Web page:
Family : Marantaceae
Text © Pietro Puccio
English translation by Mario Beltramini
The species is native to Tropical Africa (Angola, Benin, Burkina, Cameroon, Central African Republic, Congo, Equatorial Guinea, Gabon, Ghana, Guinea, Ivory Coast, Liberia, Mali, Nigeria, Sierra Leone, Sudan, Tanzania, Togo and Uganda), where it lives in the humid forests up to about 1500 m of altitude, often in swampy zones and along the water streams.
The name of the genus is the combination of Maranta, genus honoured to the Italian physician and botanist Bartholomaeus Marantha (1500-1571) and of the Greek substantive “χλόη” (chloe) = grass; the name of the species is the Latin adjective “purpureus, a, um” = purpureal, with reference to the colours of the flowers.
Common names: yoruba soft cane (English); canne molle, feuille du kola (French).
The Marantochloa purpurea (Ridl.) Milne-Redh. (1950) is an evergreen, perennial rhizomatous herbaceous species, with ramified stems, forming dense 1-4 m tall tufts. The leaves, on an about 90 cm long petiole, sheathing at the base for a length of about 40 cm, are alternate, ovate, with long pointed apex, asymmetrical in respect to the central nervation, 15-40 cm long and 10-18 cm broad, of green colour above, with purple shades below. The inflorescences are ramified, loose, up to about 45 cm long, with pink rachis and about 4 nodes in each ramification provided of 2-4 cm long pink bracts.The bracts envelop two small cymes, on a 3 cm long peduncle, carrying two hermaphroditic 1,8 cm long flowers, with three equal sepals and corolla tubular at the base with three lobes, pink to purple, and stamen and staminodes arranged in two verticils forming at the base a tube merged with the corolla, the outer verticil is formed by two petaloid staminodes of pink or purple colour, the inner one with fertile stamen and one yellow two lobed staminode. The fruit is a tri-lobed globose capsule, of about 8 mm of diameter, of bright red colour, containing three brown, about 5 mm long, trigonal seeds, with small whitish aril.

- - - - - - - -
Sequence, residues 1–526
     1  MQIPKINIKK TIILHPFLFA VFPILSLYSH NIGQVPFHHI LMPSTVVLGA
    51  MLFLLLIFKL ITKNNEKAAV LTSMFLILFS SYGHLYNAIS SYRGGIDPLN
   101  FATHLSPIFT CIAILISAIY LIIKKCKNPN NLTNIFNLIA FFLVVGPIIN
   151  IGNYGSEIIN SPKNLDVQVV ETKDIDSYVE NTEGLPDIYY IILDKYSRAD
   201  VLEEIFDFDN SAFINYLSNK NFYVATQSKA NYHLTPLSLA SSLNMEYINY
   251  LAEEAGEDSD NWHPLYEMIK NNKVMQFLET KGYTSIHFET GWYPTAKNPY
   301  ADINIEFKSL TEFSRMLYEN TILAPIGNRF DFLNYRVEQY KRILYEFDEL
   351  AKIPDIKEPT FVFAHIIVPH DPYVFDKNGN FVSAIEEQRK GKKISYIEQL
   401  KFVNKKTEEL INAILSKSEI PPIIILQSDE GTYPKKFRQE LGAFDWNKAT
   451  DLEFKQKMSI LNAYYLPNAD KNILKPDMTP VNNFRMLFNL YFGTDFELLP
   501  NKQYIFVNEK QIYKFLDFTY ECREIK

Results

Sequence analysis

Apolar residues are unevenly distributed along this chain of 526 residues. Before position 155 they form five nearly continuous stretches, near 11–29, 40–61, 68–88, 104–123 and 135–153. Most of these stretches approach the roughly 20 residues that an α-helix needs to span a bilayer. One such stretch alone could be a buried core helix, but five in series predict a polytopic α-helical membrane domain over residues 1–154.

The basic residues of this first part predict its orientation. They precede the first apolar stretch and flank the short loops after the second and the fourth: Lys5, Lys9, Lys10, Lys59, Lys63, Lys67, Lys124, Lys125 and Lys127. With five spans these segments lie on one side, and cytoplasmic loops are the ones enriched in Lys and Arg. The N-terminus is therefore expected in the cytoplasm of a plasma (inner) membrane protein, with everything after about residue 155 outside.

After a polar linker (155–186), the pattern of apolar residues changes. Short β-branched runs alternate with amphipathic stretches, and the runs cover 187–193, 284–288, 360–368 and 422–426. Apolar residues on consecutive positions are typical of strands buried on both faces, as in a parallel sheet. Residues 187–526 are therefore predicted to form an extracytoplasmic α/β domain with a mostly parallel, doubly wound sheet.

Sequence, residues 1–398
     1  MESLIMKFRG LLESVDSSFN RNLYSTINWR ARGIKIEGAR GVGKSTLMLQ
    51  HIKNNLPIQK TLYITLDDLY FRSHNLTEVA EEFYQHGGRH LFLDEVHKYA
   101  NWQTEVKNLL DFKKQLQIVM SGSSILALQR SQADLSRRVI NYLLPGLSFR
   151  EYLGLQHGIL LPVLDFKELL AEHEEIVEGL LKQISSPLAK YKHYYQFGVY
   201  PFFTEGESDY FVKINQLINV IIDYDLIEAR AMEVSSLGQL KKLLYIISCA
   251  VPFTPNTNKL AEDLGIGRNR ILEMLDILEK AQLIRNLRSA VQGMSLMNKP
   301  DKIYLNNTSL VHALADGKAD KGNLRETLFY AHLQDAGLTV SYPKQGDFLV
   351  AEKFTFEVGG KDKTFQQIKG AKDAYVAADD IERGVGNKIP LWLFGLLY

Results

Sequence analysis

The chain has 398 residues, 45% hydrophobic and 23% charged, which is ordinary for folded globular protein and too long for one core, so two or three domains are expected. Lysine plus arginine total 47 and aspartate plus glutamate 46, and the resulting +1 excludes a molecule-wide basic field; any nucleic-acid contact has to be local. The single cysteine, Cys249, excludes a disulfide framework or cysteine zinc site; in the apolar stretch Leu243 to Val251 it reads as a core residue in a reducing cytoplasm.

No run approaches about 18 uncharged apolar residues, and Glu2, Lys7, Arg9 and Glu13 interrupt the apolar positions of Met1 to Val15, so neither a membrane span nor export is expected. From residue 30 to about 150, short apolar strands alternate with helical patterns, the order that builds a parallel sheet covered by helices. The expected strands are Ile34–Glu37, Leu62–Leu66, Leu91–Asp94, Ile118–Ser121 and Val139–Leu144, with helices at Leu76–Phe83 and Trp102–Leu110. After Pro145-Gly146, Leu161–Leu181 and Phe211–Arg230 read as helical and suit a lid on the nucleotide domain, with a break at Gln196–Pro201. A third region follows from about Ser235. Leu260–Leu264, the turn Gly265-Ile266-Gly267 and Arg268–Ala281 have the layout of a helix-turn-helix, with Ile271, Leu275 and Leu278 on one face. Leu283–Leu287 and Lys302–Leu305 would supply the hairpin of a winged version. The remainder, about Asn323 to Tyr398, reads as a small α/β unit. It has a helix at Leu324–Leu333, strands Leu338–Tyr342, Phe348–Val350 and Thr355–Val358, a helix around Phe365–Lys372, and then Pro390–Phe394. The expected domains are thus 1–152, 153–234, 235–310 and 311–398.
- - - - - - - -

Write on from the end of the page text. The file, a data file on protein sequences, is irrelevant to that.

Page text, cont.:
It almost exclusively reproduces by division of the rhizome with each section provided of several vegetative buds.
Little diffused out of the origin zones, where is normally collected in nature or planted in the forests close to the villages, requires a humid tropical or subtropical climate and exposition in full sun or partially shaded and is not particular about the soil. The stems are amply utilized for making baskets, ropes, brooms, mats, fish traps and other everyday objects and the leaves, taken fresh every day from the forest to the markets, for wrapping foods and the kola nuts in order to avoid their drying. Various parts of the plant are used since yore in the traditional medicine for several pathologies.
Synonyms: Clinogyne purpurea Ridl. (1887); Donax arillata K.Schum. (1892); Donax purpurea (Ridl.) K.Schum. (1892); Clinogyne arillata (K.Schum.) K.Schum. (1897); Clinogyne baumannii K.Schum. (1902).